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Surprising Strength in Housing and Labor Markets

Typically considered rate-sensitive, the housing market has proved to be resilient

By Alex Thomas

The Federal Reserve has raised rates by over five percent since mid-2022. Although housing is typically considered among the most rate-sensitive sectors, the housing market has proved to be resilient. 

Specifically, home prices and new home sales have performed much better than would typically be expected during the fastest rate hike cycle in decades. Our outlook for 2023 and 2024 is “cautiously optimistic.” And although the impacts of inflation and rising interest rates are top of mind, there are some green shoots for housing.

Demand remains strong for both for-sale and rental housing (single-family rentals more so than apartments), with a surge in demand in the spring 2023 selling/leasing season, after a sluggish end to 2022. Inventory also remains near historic lows as homeowners cling to their low mortgage rates, which is keeping prices steady or rising. 

Work-from-home has permanently and positively impacted housing demand and productivity in most markets. The ability of fully remote workers to relocate and for hybrid workers to live further from the office has helped address the major affordability challenges posed by the rapid rise in home prices and mortgage rates. 

Homeowners are in great financial shape. Home equity has exploded, with household balance sheets in the strongest position seen in recent history. Nationally, the economy has been resilient. The labor market is still on fire. The economy is continuing to add hundreds of thousands of jobs each month, and the gap between labor demand (number of employed plus job openings) and labor supply (labor force) is higher than it’s ever been—signaling a tight labor market and competition for labor. 

No early warning signs of labor market distress are flashing. Jobless claims (the number of people receiving unemployment benefits) are still extremely low by historical averages and show no signs of increasing.

Even the most “rate-sensitive” sectors like tech, finance and housing continue to exhibit demand for labor. Tech was arguably hit the hardest earlier in the year, but reports of mass layoffs have slowed, and AI fervor has breathed life back into the sector. 

Employers are still actively looking to hire at/or near record levels. Job openings have fallen from all-time highs, but still far exceed pre-2020 levels. 

Inflation, which typically eats at consumers’ wallets, has cooled to approximately four percent. Consumer expectations for inflation have also come down—signaling rising consumer sentiment. Wage growth remains strong across the board. Stock prices surged in 2023 after sharply falling in 2022.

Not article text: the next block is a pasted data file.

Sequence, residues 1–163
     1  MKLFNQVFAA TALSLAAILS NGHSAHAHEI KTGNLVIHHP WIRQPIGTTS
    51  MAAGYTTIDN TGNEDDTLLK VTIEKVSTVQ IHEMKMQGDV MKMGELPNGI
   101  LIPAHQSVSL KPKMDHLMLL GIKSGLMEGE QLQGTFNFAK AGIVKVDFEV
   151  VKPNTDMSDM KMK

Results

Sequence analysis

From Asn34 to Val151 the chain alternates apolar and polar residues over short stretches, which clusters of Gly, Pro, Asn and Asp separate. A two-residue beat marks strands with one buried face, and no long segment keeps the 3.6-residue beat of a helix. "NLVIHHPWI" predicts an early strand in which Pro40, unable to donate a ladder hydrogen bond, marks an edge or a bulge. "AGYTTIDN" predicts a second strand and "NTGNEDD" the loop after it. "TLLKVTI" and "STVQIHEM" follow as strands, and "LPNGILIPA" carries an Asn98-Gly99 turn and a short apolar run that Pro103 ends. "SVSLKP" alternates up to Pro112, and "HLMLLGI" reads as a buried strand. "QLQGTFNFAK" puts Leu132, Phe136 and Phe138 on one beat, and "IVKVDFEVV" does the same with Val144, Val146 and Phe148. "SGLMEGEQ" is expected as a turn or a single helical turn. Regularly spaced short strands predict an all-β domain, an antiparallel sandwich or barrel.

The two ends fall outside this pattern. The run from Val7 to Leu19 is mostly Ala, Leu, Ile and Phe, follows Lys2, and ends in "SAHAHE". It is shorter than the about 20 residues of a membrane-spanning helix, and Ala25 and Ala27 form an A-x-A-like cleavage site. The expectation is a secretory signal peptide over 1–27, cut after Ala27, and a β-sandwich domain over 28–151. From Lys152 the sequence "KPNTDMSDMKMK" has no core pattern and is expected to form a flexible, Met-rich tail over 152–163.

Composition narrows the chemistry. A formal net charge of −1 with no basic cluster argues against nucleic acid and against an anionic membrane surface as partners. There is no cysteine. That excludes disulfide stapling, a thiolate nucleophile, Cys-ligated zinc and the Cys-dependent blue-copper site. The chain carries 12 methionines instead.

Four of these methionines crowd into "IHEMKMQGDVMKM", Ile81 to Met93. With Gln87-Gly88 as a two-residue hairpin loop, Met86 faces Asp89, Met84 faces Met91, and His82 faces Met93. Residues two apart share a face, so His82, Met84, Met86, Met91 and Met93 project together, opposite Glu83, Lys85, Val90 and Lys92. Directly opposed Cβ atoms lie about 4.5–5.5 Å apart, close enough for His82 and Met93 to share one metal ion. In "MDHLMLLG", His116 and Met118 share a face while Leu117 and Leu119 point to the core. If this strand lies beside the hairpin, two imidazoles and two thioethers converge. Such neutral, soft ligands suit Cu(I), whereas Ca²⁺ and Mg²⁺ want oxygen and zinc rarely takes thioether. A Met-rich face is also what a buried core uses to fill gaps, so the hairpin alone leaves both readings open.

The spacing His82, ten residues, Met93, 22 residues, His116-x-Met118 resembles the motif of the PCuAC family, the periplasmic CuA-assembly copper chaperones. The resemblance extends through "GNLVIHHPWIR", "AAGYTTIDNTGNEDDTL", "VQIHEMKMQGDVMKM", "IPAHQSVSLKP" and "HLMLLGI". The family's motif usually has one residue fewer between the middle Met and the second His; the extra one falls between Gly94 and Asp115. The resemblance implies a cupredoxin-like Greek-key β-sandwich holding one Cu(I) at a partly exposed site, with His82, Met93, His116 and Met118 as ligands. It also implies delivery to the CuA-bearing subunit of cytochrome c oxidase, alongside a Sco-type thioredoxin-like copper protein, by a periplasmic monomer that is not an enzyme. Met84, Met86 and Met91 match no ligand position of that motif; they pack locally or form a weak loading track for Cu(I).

Builders have several reasons for optimism: on the homebuilder front, the homebuilder market share will continue growing for big homebuilders. Even as rates spiked to approximately seven percent, demand for housing continued throughout the first half of 2023, helped by very low resale supply and builders utilizing rate buydowns. 

Builders benefit from historically low resale supply as the lock-in effect takes hold. Homebuilders are also successfully stepping into the supply void, adding communities and drawing buyers to the new home market. Homebuilders now offer 29 percent of all the homes available to buy in the country, versus a historical norm of 13 percent. 

Builders are quickly bridging the affordability gap thanks to a combination of pricing and financing sales tools (namely rate buydowns undercutting resale sellers), finding the payment sweet spot for many homebuyers. 

Fundamental risks and factors we are monitoring that could impact the economy and demand for housing include the Fed’s higher-for-longer interest rate plan, which continues to weigh on banks (namely regional banks) and the availability of consumer credit, and federal student loan payments, which resume in September after three years of being on pause. This will likely pull money out of the economy and possibly suppress entry-level home purchase activity.

Analysis and column also contributed by Danielle Nguyen, vice president of research at John Burns Research and Consulting.

Alex Thomas is a senior research analyst at John Burns Research and Consulting, focusing on tracking macroeconomic trends and analyzing housing market data.